Now that temperatures are rising again and both horses and riders are sweaty from training, supplementing mineral deficiencies with electrolytes may be wise. In what situations is it a good idea to replenish electrolytes? And when and how best to give the electrolytes: before or after exercise?
A sweaty horse loses a lot of salts and other minerals. On warm days, a horse can produce as much as 10 to 15 liters of sweat per hour when performing work. Horse sweat is also very salty. Where people get used to warm weather they excrete less salt in their sweat, this is not the case with horses. They continue to lose large amounts of minerals through their sweat. To replenish all those lost minerals you can give (liquid) electrolytes to your horse.
What do electrolytes do?
Electrolytes include: sodium, potassium, chloride, calcium, magnesium, phosphate and bicarbonate. These minerals are critical for the nervous system and muscles. In addition, the body needs electrolytes for various processes, including acid-base balance and fluid balance. Electrolytes are used in sports drinks for humans in combination with a little quick-absorbing sugars, such as dextrose. You can also find this combination in electrolytes for horses. This composition is important. The use of such 'sports drinks' before, during and after exercise can maintain the blood glucose concentration (and therefore the energy level) and reduce the chance of dehydration and salt shortages.
Optimal absorption of electrolytes
An electrolyte supplement must be easily and quickly absorbed and that is why you feed it in liquid form. The electrolytes are then quickly absorbed into your horse's bloodstream. The best are liquid supplements, which are specially mixed for horses. The absorption of minerals is most efficient when the number of dissolved particles per liter is equal to that in the blood of your horse. It is also wise to use an electrolyte supplement to which vitamin B2 has been added. Vitamin B2 ensures an even better absorption of the electrolytes.
Body does not make a reserve
Since the bodies of mammals such as horses and humans do not stockpile minerals, it is essential that they are fully up to the mark prior to heavy performance. In addition, research with human athletes shows that it is important to have the moisture balance in order before a major effort in warm conditions. This means that one or two days in advance, up to a maximum of four hours in advance, must be properly supplemented with moisture and electrolytes. This also applies to horses. Electrolyte supplements can maintain the fluid balance and electrolyte levels and keep it that way. They ensure better performance, especially during prolonged efforts, such as a multi-day race or a long outdoor ride. Not only do the electrolytes replace the minerals that come out with the sweat, but the thirst feeling is stimulated by the electrolytes, which makes the horse drink better.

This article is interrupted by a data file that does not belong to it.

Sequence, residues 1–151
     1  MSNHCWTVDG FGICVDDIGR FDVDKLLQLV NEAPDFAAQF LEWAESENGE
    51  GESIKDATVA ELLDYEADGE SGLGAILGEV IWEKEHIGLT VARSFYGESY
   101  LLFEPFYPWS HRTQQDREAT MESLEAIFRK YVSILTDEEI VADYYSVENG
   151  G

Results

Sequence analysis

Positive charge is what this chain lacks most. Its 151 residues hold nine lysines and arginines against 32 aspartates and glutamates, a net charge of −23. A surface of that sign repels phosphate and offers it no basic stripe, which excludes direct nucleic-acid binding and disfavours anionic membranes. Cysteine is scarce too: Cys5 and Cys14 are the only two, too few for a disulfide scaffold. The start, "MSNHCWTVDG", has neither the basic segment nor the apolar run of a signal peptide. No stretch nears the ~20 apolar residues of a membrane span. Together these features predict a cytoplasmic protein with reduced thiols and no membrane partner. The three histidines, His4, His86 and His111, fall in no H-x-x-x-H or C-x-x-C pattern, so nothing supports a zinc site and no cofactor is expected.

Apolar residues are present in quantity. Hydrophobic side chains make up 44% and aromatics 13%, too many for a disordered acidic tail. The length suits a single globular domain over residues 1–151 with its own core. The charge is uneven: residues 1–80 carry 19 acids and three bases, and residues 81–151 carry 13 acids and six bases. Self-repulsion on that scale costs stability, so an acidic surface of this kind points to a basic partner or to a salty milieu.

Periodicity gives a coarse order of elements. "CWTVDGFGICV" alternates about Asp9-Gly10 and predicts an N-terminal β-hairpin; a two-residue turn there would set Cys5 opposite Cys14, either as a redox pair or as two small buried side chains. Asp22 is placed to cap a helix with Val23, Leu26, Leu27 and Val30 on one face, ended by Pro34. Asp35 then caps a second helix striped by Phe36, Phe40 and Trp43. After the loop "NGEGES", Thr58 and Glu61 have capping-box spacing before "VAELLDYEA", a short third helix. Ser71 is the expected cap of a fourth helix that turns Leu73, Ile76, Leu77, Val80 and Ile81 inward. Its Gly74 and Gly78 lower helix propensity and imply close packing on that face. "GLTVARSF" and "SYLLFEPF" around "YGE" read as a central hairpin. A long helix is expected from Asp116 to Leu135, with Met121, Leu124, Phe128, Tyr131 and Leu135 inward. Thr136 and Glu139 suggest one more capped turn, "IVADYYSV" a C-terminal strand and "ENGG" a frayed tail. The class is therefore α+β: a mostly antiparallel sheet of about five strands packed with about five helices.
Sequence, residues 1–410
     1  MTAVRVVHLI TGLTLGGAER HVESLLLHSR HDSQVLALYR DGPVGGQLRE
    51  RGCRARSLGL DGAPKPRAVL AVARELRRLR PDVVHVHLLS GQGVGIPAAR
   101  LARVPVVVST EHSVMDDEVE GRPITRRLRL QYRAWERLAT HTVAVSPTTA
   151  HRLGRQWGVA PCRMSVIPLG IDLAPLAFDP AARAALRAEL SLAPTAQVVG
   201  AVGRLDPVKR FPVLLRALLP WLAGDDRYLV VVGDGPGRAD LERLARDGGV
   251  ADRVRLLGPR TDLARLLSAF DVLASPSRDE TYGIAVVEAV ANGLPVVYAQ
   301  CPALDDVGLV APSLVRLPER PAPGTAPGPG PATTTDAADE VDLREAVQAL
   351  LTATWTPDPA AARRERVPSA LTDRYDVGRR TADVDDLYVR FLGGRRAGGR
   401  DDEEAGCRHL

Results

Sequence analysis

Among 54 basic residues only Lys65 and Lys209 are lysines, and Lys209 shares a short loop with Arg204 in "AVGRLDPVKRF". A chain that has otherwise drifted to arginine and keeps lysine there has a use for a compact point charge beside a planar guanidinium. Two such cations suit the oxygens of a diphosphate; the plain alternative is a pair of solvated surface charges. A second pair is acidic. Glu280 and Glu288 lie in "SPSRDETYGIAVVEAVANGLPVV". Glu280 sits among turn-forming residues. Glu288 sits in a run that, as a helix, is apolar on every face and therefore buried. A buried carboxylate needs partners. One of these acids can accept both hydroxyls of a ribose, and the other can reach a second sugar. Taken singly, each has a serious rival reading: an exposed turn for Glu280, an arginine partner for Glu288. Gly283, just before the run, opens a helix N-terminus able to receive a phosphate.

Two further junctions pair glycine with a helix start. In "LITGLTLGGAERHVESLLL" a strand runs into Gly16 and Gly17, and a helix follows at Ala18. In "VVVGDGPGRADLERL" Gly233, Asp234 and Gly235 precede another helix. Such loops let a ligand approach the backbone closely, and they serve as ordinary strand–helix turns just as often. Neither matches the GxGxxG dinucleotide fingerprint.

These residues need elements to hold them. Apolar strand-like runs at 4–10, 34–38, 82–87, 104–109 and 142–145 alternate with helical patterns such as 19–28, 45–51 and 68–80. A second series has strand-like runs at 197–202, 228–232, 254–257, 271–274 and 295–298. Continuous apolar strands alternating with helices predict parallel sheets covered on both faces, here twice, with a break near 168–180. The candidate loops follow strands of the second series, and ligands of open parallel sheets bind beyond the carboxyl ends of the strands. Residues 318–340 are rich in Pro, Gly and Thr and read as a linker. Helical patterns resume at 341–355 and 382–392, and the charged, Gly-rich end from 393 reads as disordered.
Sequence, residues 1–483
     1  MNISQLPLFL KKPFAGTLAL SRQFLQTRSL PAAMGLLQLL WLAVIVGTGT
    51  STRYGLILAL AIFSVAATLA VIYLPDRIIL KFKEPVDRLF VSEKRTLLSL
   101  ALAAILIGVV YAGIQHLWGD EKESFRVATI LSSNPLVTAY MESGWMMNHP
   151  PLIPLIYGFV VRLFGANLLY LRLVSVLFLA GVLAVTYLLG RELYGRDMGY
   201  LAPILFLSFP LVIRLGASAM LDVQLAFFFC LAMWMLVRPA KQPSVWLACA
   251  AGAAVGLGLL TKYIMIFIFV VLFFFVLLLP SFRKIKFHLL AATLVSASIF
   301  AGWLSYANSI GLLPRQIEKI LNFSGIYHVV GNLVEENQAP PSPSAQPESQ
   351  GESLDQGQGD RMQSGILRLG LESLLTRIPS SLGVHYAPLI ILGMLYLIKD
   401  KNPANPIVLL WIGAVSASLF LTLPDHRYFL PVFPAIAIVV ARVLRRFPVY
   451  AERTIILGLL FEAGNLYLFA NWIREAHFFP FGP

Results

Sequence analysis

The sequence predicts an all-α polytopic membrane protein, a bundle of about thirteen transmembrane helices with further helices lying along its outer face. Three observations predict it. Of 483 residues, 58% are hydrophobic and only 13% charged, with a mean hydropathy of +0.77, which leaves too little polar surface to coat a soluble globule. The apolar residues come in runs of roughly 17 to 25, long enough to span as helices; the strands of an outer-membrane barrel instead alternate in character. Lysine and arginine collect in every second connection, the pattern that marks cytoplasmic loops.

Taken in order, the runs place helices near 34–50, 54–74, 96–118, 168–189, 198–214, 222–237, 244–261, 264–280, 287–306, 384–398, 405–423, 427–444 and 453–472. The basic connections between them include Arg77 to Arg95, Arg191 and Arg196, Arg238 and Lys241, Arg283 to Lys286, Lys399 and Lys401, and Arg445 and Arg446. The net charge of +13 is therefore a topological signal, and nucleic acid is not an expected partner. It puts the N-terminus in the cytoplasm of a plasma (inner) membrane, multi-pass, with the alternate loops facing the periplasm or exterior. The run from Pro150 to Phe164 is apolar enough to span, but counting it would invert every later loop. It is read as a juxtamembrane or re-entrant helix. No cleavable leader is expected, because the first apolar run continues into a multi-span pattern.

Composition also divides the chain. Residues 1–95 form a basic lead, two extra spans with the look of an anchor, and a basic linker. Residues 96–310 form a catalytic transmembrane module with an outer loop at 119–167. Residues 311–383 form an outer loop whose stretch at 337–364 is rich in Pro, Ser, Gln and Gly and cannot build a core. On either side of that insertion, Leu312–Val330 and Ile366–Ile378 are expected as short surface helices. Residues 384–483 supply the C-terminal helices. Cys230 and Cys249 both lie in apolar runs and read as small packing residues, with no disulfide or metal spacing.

Stimulating a thirst stimulus
Human studies show that fluid and electrolyte levels are crucial for optimal performance. Therefore, aim for your horse to start the competition or training in a fully hydrated state. This will only work if he has drunk more in advance and absorbed more electrolytes than he will lose from sweat. Human athletes also often have to learn to drink extra before and after exercise. The same applies to horses. So if you can encourage them to do that, that's a good idea. Stimulating the thirst stimulus by electrolyte supplements is therefore very important.
Promote post-workout recovery
Research also shows that the use of electrolytes after exercise provides a better recovery of performance than when only water is offered. A horse then gets less muscle pain and is less tired. It is therefore recommended to use the electrolytes before and after the effort during heavy exertion in warm weather! For example, start the supplement one or two days in advance and also give it immediately after exercise, with some concentrates for energy supplementation.
Horses lose a lot of salt and other minerals during training and competitions in warm weather conditions. Because the body of horses does not stock these salts and minerals, it is wise to restore them before training. This ensures that your horse does not start with a shortage of training. Therefore, start with electrolytes a day before work in warm weather and give it after training. The horse consumes these salts and minerals during training. That is why it is always wise to restore them even after training. Giving electrolytes after training or competition gives a faster and better recovery, with less muscle pain.
It is important to provide a good horse-tuned supplement that is quickly absorbed. The correct concentration of minerals is important for this. Research also shows that electrolytes are better absorbed in combination with vitamin B2. So choose an electrolyte supplement that is tailored for horses and contains vitamin B2.
- Rehrer, N.J.. Fluid and electrolyte balance in ultra-endurance sport. 2001. Journal of Sports Medicine.
- Maughan, R.J., J.B. Leiper, S.M. Shirreffs. 1997. Factors influencing the restoration of fluid and electrolyte balance after exercise in the heat. British Journal of Sports Medicine.